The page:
This Celiac.com FAQ on celiac disease will guide you to all of the basic information you will need to know about the disease, its diagnosis, testing methods, a gluten-free diet, etc. Subscribe to FREE Celiac.com email alerts What are the major symptoms of celiac disease? Celiac Disease SymptomsWhat testing is available for celiac disease? - list blood tests, endo with biopsy, genetic test and enterolab (not diagnostic) Celiac Disease ScreeningInterpretation of Celiac Disease Blood Test ResultsCan I be tested even though I am eating gluten free? How long must gluten be taken for the serological tests to be meaningful?The Gluten-Free Diet 101 - A Beginner's Guide to Going Gluten-FreeIs celiac inherited? Should my children be tested? Ten Facts About Celiac Disease Genetic TestingIs there a link between celiac and other autoimmune diseases? Celiac Disease Research: Associated Diseases and DisordersIs there a list of gluten foods to avoid? Unsafe Gluten-Free Food List (Unsafe Ingredients)Is there a list of gluten free foods? Safe Gluten-Free Food List (Safe Ingredients)Gluten-Free Alcoholic BeveragesDistilled Spirits (Grain Alcohols) and Vinegar: Are they Gluten-Free?Where does gluten hide? Additional Things to Beware of to Maintain a 100% Gluten-Free DietFree recipes: Gluten-Free RecipesWhere can I buy gluten-free stuff? Support this site by shopping at The Celiac.com Store.For Additional Information: Subscribe to: Journal of Gluten Sensitivity
Interesting that both you and I had bumbling doctors who got the gluten-free diet and the scoping out of sequence. I really wish I could sue my doctor for the stress and expense he caused me. I am not permanently damaged, except for my anger, and I think my suit would be considered frivolous. I can't afford to lose and have to pay a lawyer. Still I have told my best friend that I wish I had a Voodoo doll representing the doctor so I cold stick pins in it and cast an evil spell.
I hope your daughter's biopsy provides an explanation for all her problems.
I am a retired nurse, almost 66, and every day my nursing knowledge grows older. Pediatric medicine is often quite different from the treatment of adults. I hope you have found a really top notch pediatric department in a fantastic medical center. You didn't mention where you live or where you go for medical care. You said your daughter is DQ2 and DQ8 positive. Is she positive or negative for transglutaminase and biopsies? Have you seen a genetic counselor? I'm sure the accounts are not plentiful, but occasionally the story of a child who has had years of baffling symptoms and is finally diagnosed with a rare genetic condition appears in the news. Does your insurance fight against her tests and treatments? Has her illness affected her intellectual and physical development other than physical size and weight? Has she had extensive allergy testing recently? How old was she when she first became ill? I was a pediatric nurse (in a small community hospital, nothing like a big medical center) from 1977 to 1990 and I assisted with many blood draws on children with small or poor veins. My heart goes out to your daughter.
I haven't tried to withdraw from this list and I believe it is possible for members to email me. I will check to make certain I selected the option to receive personal email. I no longer read all the new posts on this list but I am notified each time someone posts to this specific topic.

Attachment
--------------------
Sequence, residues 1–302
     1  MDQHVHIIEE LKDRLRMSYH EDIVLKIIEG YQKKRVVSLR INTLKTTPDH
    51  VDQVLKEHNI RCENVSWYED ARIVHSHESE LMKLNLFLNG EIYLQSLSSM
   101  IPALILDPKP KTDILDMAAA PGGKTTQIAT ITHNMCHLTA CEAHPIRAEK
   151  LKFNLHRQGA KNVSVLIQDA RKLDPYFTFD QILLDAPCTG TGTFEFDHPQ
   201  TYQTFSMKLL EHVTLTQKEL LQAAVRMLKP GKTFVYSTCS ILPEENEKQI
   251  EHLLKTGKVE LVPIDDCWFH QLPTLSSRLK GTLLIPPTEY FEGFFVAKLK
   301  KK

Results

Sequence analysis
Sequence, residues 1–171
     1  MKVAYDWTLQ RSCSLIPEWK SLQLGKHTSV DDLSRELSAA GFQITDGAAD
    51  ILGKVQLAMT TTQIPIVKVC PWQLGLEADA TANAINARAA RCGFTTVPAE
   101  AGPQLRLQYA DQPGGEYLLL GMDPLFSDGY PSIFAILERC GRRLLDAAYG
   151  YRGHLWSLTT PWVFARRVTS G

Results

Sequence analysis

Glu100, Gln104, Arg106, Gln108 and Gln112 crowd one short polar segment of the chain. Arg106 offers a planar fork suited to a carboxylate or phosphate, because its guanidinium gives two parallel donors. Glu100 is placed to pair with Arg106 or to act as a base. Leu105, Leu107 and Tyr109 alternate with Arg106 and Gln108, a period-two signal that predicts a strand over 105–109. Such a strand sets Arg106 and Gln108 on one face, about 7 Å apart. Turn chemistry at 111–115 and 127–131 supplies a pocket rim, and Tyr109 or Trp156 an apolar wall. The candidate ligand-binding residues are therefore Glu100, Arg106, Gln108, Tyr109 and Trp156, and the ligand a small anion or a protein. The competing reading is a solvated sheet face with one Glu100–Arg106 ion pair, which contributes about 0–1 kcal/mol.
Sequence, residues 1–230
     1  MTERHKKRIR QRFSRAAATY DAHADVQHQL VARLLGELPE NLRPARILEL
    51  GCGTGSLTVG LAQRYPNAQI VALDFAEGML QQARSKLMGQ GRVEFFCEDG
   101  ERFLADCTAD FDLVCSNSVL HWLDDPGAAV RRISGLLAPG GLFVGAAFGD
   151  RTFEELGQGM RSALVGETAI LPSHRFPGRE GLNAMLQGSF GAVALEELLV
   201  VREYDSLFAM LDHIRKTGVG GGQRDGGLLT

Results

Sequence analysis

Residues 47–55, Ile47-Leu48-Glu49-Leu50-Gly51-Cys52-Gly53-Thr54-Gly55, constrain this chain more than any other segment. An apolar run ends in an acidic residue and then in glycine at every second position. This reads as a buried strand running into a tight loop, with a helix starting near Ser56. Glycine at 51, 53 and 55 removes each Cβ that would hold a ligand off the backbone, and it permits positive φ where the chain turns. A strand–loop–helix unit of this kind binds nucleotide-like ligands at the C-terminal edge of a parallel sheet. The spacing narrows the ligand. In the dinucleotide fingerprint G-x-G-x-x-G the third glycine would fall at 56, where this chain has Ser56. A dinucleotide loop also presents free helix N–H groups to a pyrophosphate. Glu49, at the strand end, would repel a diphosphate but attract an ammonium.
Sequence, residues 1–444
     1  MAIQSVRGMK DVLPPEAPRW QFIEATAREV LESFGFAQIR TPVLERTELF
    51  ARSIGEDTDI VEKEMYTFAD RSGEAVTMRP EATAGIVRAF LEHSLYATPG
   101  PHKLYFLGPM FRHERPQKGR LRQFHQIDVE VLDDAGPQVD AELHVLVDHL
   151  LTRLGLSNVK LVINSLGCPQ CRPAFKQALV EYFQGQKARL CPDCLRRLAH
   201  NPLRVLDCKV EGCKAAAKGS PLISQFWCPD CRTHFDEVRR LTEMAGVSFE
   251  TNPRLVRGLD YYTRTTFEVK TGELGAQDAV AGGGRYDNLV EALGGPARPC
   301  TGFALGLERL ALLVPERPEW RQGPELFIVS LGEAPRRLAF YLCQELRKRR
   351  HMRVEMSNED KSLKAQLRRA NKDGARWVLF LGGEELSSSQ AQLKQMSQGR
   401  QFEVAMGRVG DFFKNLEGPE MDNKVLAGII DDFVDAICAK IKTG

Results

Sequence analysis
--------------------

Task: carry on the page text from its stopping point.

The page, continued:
Form August until a few weeks ago I spent hours researching celiac disease. I am a retired Registered Nurse and I utilized professional journals in my search. I traveled to the Boston area and attended an excellent seminar put on by the New England Celiac Conference. I read anything I could find by Dr. Peter Green of Columbia and Dr. Kelly of Deaconess Beth Israel. I joined two forums and read what celiac patients experienced. I eventually learned of the connection between celiac disease and liver disease and I realized that is why Dr. B ordered the test for autoimmune liver disease. My brother and I both have asthma and type II diabetes and he also has terrible arthritis. We both test positive for lupus but neither of us has developed it. I already have at least two autoimmune diseases and when I realized I tested positive for two more, but haven't developed those diseases, I took the diagnosis of celiac disease seriously. Unfortunately, I began to lose confidence in Dr. B during my second appointment with him. At my last visit with him he lied to me twice. I was told very clearly by the nurse who assisted Dr. B with my gastroscopy and biopsies that he had taken six biopsies; two from the duodenum, two from an inflamed pyloric area and two more from the junction of the esophagus and the upper stomach. The nurse told me I was being tested for Barrett's esophagus. When a doctor obtains specimens he delegates the job of labeling the specimens and ordering the correct pathology tests to that nurse. I found the nurse believable. When I called the office a week later and asked for the report of the pathologist I was told everything was negative. It didn't surprise me that the duodenal biopsies were normal because I had none of the GI symptoms associated with celiac disease. My original complaint that sent me on this medical roller coaster was, and is severe and lasting pain and fatigue in any muscles involved in any type of exercise or stress--even when the effort is only moderate. More importantly, I didn't feel any different whether on or off gluten. At the last appointment I asked Dr.B if I really have celiac disease in view of the fact that the gluten-free diet didn't help, that I a negative gliadin and the positive findings were a positive transglutaminase and genetic tests. I had already learned through my extensive research that gliadin is no longer considered a very specific test. I mentioned it only because it was one of many tests the doctor had ordered. (Jihad obtained copies of some of my bloodwork, so I knew gliadin had been one of the tests.) Dr. B snapped at me that he didn't use gliadin as a test because it wasn't very accurate. I chose no to challenge him because I didn't want to antagonize him. I then apologized for asking but told him I felt I did have to know, when everything I had read, and been told buy other celiacs stressed that many biopsies should be taken from the duodenum, did he obtain only two. He hesitated a little and then consulted his path reports. He told me very tersely that he had obtained four. I told him his nurse had said he sent six specimens from three locations and that there were two from the duodenum. I don't recall exactly what Dr. B said but he just became very irritated. I changed the subject and asked why I had tested positive for autoimmune liver disease but every liver test that was taken and then repeated came back within normal ranges. He was quiet for a moment and then said the test was a marker. I interpreted his answer to mean I had a positive test for autoimmune liver disease just as I have a positive test for lupus. Perhaps he did mean the marker indicated celiac disease. I next asked him that because of the positive tests for transglutaminase and genetic studies, no GI celiac symptoms or response to a gluten-free diet, and two negative biopsies, what was I injuring when I ate gluten. He muttered, "Nothing." Then he spit out at me that my genetic test results were reason enough to stay on the gluten-free diet. I was very upset and I knew I wanted to fire this doctor. Still, I almost always succeed in walking away from such an emotional upheaval before I make a fool of myself, and I simply asked him what he wanted me to do. He said eat gluten-free, get a lot of blood work every six months, and to return to see him in six months.